Here’s another edition of “Dear Sophie,” the advice column that answers immigration-related questions about working at technology companies.
“Your questions are vital to the spread of knowledge that allows people all over the world to rise above borders and pursue their dreams,” says Sophie Alcorn, a Silicon Valley immigration attorney. “Whether you’re in people ops, a founder or seeking a job in Silicon Valley, I would love to answer your questions in my next column.”
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My H-1B expires in late May and my employer recently filed an extension. I’m anxious about the results.
Can I add in premium processing and personally pay for it? I’m thinking about self-petitioning an EB-2 NIW green card — what’s the latest on premium processing?
— Hungry in High Tech
Your desires for security and freedom resonate with so many! Some exciting updates from the U.S. Citizenship and Immigration Services on the topics of automatic work extensions and premium processing are just in; it’s wonderful news that USCIS is committed to improving its quality of service.
They’ve been backlogged due to the pandemic, funding issues and paper-based processing, which I recently explained in my podcast on the state of immigration.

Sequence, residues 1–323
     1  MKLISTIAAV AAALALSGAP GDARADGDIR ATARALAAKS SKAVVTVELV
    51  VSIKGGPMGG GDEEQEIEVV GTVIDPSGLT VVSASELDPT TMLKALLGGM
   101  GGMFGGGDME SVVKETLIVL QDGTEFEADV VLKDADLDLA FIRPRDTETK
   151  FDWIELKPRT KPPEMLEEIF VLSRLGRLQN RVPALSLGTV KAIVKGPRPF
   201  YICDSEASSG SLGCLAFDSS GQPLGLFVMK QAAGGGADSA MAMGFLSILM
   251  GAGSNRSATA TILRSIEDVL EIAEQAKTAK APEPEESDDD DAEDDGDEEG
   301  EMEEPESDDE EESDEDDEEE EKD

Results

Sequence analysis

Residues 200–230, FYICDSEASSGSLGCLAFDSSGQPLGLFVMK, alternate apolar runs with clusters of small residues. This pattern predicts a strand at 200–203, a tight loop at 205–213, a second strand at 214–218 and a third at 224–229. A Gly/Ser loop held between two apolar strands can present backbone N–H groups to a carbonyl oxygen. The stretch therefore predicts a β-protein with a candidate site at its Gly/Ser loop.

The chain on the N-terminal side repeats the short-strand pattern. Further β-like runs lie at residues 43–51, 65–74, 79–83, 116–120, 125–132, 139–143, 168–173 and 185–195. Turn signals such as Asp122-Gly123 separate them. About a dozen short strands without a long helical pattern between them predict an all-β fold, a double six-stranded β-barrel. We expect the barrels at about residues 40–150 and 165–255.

The latest on Automatic Extensions of Employment Authorization
USCIS just announced the Automatic Extension of Employment Authorization and Employment Authorization Documents (EADs) for Certain Renewal Applicants, a new final temporary rule that will soon take effect to reduce backlogs and strains on the workforce.
Previously, there was a 180-day automatic EAD extension for certain categories; it will be extended up to 360 days for a total of up to 540 days, from May 4, 2022 to October 26, 2023. This announcement will benefit many categories, such as H-4, L-2 and E-1/E-2/E-3 spouses, as well as asylees and asylum-seekers, TPS holders and applicants for adjustment of status.
In this year’s H-1B lottery, which closed in March, USCIS received a record 483,927 registrations, which was a whopping 56.8% increase from 2021. Of the 85,000 H-1Bs allocated each year, 20,000 are earmarked for individuals with a master’s degree or higher from a U.S. university. USCIS reported that about 31% of all registered individuals had advanced degrees.
Unlike the annual H-1B lottery registration process, which is digital, actual H-1B petitions are still paper-based. Filing an initial H-1B petition or an extension requires submitting the application form and supporting documents in hard copy to USCIS.
For extensions, beneficiaries of H-1B petitions are automatically work authorized by the I-797 Receipt Notice for the timely-filed Form I-129 petition by the employer, up to 240 days. This is why some employers choose not to invest in premium processing for H-1B extensions.